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Madison-Kipp Corporation Charged with Not Adequately Responding to Contamination at its Facility
MADISON — Attorney General J.B. Van Hollen announced today that the Wisconsin Department of Justice (DOJ) has filed a lawsuit against Madison-Kipp Corporation (Madison-Kipp) alleging that it violated Wisconsin's hazardous substance spills law at its City of Madison facility. According to the civil complaint, filed at the request of the Wisconsin Department of Natural Resources (DNR), Madison-Kipp from, on or before 1994 to present, failed to take those actions necessary to investigate and restore the environment or to minimize the harmful effects to the environment caused by its discharge of industrial chemicals, and for an extended period of time failed to notify the DNR of its unauthorized discharge of polychlorinated biphenyls (PCBs) to the environment.
Madison-Kipp has operated an industrial facility at 201 Waubesa Street in the City of Madison since 1902. From the late 1940s until 1987, Madison-Kipp used tetrachloroethene (PCE) as a degreasing solvent. During this time, PCE was released into the air and soil by venting, spills or leaks and has contaminated both soil and groundwater on and beyond the Madison-Kipp property. In 1994, the DNR became aware of PCE contamination at the facility and issued a formal notice that identified Madison-Kipp as the responsible party for the contamination and informed it of its responsibilities under the state spill law. Since then, the DNR has provided regulatory oversight of Madison-Kipp's efforts to assess and clean up the contamination. There is PCE soil and/or soil vapor contamination originating from the facility on at least 39 properties in the neighborhood. The DNR has asked Madison-Kipp to take action to remediate the contamination and required Madison-Kipp to conduct additional testing on nearby properties to determine the full extent of the contamination. Remediation for the PCE contamination thus far by Madison-Kipp has included soil excavation, soil treatment, the installation of soil vapor extraction systems and ozone injection to remediate groundwater contamination. Madison-Kipp has installed vapor mitigation systems at five neighborhood homes and the DNR has installed vapor mitigation systems at an additional fourteen.
Madison-Kipp used oil containing PCBs at the facility from 1966 until at least 1971. During that time and beyond, spent oil containing PCBs was spread on the facility's gravel parking lots as a dust suppressant. This spreading released PCBs into the environment and contaminated soil on and beyond the Madison-Kipp property. The DNR was not advised of this spreading by Madison-Kipp until 2012, after PCBs were found during Madison-Kipp's installation of a soil vapor extraction system at the facility. The DNR ordered Madison-Kipp to conduct additional testing to determine the extent of the PCBs contamination. PCBs soil contamination has been found at the Madison-Kipp facility and off site soil contamination, originating from the Madison-Kipp facility, has been detected to the north, east and west of the facility but the full extent of its spread has not been determined. Remediation for the PCB contamination thus far by Madison-Kipp has included soil excavation at its facility.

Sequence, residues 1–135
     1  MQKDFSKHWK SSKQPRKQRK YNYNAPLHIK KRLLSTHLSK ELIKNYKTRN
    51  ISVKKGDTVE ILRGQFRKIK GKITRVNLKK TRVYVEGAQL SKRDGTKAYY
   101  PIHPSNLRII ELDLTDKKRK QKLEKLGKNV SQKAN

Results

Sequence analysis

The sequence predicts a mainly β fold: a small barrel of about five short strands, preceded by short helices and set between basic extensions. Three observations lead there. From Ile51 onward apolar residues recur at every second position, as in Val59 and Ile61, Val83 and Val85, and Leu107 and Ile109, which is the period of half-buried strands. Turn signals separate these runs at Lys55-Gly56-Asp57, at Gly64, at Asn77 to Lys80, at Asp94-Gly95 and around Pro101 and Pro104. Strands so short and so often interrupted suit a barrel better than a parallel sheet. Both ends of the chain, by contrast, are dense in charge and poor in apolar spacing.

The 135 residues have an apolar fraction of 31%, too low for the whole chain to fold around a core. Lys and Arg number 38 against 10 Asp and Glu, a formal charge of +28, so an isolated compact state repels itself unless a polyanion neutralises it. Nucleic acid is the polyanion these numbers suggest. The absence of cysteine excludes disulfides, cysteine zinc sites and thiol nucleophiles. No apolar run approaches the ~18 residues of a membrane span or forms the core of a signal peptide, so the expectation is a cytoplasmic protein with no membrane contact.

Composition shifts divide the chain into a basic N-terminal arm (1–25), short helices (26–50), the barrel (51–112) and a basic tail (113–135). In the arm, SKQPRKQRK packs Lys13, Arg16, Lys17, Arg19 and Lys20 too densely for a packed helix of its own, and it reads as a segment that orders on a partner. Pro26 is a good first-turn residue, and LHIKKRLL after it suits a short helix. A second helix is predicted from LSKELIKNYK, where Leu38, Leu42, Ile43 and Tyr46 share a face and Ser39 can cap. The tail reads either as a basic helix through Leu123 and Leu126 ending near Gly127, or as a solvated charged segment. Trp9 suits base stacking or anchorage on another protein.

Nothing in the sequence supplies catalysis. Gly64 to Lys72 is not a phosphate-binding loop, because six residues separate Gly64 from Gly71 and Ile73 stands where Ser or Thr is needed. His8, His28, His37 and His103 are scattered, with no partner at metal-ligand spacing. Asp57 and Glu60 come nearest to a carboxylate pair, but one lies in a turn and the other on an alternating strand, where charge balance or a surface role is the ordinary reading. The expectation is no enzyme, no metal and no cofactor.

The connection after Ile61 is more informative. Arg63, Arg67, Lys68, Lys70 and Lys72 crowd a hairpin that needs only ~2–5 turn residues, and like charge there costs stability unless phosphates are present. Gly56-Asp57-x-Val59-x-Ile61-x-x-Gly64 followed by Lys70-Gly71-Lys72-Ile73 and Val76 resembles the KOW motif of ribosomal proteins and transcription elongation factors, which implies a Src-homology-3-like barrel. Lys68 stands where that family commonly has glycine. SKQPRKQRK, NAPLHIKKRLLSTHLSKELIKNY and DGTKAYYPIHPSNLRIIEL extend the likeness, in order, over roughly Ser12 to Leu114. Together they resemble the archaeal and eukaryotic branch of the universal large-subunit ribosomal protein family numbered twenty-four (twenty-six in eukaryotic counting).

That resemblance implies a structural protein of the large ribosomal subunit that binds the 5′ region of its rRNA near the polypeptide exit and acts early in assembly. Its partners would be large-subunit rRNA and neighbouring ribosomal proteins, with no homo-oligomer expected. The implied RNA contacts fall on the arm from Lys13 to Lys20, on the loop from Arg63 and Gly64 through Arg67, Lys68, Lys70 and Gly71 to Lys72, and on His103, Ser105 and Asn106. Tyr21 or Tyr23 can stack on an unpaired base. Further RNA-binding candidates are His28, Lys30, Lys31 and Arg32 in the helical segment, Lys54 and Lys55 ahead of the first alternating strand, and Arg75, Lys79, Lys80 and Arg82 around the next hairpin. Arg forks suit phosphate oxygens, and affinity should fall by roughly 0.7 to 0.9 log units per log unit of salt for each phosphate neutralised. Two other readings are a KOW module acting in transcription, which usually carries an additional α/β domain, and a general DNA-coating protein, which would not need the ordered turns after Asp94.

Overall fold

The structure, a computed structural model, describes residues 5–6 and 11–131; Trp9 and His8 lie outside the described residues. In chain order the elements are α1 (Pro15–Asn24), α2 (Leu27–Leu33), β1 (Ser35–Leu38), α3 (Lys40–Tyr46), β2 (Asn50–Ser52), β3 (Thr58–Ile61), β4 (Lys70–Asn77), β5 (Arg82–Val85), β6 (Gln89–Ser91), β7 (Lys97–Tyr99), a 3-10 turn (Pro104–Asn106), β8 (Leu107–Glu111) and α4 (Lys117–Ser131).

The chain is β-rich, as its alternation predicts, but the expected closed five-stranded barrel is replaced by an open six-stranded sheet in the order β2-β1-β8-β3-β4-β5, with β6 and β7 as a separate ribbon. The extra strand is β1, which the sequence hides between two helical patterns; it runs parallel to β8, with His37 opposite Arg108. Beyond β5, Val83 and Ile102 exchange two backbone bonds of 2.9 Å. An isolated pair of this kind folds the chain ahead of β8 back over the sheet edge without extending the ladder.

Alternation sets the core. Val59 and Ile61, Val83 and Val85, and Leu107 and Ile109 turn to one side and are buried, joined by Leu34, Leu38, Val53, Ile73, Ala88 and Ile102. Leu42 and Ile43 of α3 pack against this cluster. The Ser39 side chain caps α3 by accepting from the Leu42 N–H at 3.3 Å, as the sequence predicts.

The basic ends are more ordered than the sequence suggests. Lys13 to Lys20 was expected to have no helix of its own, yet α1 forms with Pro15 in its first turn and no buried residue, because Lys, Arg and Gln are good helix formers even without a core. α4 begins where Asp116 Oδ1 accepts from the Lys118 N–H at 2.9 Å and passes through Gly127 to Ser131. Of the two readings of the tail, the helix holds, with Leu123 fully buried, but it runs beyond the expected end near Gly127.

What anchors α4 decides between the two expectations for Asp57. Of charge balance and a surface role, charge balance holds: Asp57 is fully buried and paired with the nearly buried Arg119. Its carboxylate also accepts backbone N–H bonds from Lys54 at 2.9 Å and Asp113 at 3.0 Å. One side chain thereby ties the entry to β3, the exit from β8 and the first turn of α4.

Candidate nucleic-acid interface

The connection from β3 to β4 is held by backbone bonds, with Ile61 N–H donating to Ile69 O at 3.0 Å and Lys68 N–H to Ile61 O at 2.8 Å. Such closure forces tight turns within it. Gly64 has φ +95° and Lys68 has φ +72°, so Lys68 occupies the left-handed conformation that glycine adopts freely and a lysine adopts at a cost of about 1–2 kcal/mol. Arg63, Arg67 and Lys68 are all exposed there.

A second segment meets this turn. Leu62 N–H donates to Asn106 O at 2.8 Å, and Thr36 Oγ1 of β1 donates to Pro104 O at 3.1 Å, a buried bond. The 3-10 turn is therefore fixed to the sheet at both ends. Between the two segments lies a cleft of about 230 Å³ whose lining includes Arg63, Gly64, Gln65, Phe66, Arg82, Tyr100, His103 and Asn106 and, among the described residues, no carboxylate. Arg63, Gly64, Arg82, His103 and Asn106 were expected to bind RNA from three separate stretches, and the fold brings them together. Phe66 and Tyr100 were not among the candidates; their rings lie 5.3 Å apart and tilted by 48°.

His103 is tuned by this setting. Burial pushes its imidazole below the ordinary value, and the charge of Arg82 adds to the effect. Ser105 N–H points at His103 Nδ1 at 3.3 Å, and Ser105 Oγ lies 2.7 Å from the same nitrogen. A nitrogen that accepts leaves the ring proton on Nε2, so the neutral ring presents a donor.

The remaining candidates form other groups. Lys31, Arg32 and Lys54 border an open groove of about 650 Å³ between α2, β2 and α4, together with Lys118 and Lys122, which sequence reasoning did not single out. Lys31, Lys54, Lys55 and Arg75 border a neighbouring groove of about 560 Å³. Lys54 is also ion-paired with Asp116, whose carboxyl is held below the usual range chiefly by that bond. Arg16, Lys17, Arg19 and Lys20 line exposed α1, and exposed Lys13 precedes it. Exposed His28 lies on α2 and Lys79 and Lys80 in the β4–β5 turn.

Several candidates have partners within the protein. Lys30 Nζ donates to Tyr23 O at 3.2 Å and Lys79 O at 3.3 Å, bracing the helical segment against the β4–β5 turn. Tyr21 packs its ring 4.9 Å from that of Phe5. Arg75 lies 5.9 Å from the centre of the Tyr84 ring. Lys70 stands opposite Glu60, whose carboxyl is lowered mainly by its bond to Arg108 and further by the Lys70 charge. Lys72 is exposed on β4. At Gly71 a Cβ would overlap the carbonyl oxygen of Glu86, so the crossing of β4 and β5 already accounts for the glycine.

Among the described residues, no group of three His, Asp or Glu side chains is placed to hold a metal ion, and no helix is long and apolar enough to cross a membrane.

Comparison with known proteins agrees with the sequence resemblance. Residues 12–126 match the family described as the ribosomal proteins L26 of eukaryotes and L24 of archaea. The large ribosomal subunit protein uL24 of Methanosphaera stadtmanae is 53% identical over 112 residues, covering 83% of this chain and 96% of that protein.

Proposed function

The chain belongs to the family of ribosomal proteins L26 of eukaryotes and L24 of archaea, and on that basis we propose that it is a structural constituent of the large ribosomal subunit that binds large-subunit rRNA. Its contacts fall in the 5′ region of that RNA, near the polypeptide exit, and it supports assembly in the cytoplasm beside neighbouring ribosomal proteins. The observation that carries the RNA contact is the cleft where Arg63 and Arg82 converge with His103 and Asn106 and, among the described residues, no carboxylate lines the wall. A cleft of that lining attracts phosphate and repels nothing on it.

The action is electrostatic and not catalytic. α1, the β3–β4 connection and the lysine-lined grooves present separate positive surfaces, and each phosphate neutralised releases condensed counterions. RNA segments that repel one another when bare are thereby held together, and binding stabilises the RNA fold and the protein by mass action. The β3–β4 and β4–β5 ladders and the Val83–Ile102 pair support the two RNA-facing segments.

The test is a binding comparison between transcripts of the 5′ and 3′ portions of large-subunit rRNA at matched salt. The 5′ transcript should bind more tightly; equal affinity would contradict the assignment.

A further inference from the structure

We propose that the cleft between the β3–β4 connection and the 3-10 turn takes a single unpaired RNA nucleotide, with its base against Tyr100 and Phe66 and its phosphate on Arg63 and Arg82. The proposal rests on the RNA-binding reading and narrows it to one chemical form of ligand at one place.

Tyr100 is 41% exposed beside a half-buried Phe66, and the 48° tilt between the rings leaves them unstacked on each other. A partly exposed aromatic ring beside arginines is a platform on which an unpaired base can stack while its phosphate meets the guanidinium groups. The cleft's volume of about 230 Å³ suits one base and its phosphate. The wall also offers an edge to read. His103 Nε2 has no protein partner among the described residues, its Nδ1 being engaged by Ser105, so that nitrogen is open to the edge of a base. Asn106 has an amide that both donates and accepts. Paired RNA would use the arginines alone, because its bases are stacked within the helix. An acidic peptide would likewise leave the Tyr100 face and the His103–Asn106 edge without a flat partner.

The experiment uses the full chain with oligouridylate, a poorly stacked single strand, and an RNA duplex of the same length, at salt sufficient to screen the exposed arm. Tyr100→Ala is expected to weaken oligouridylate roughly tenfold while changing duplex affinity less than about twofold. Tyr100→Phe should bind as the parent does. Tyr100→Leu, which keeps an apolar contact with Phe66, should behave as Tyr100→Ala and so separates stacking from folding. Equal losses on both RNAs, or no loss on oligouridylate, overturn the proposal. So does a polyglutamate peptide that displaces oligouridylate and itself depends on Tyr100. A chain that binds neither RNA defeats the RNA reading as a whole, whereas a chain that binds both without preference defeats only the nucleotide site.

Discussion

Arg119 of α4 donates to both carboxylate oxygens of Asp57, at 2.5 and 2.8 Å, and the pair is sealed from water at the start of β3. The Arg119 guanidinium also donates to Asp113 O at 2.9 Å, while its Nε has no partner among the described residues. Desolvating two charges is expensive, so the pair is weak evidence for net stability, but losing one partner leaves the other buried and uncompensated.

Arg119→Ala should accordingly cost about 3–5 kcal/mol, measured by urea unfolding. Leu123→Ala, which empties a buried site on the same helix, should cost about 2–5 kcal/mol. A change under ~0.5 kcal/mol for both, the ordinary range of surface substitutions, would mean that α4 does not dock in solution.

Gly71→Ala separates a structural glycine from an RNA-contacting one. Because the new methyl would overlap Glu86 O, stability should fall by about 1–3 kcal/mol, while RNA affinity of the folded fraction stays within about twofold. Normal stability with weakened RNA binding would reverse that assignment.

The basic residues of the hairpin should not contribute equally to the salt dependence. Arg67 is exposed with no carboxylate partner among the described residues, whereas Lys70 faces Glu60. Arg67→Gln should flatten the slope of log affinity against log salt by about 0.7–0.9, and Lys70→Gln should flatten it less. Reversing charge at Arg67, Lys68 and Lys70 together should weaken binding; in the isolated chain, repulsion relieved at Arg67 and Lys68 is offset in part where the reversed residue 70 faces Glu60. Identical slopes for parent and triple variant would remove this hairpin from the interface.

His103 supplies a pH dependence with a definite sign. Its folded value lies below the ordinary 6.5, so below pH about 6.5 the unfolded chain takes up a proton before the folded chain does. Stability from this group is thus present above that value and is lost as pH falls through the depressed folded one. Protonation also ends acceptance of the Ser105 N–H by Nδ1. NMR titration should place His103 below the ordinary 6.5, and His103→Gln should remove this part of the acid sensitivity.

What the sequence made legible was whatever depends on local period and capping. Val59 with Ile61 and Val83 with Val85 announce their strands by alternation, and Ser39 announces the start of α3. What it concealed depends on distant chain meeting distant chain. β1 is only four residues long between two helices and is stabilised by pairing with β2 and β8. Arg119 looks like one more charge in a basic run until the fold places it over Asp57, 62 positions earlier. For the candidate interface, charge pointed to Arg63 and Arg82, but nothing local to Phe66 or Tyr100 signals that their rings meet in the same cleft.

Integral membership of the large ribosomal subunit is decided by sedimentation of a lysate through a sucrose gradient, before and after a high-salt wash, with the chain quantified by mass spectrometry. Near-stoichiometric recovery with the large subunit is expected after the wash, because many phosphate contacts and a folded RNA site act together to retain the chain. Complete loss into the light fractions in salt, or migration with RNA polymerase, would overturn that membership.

Wisconsin law requires that a person who possesses or controls a hazardous substance which is discharged shall notify the DNR and take the actions necessary to investigate and restore the environment to the extent practicable and minimize the harmful effects from the discharge to the air, lands or waters of this state. The complaint alleges that Madison-Kipp failed to notify the DNR of the PCBs discharge and its efforts have not been sufficient to define the full extent of the contamination and remediate it in a timely fashion.
Assistant Attorney General Steven Tinker represents the state in this matter.
A copy of the Summons and Complaint is available at the following link: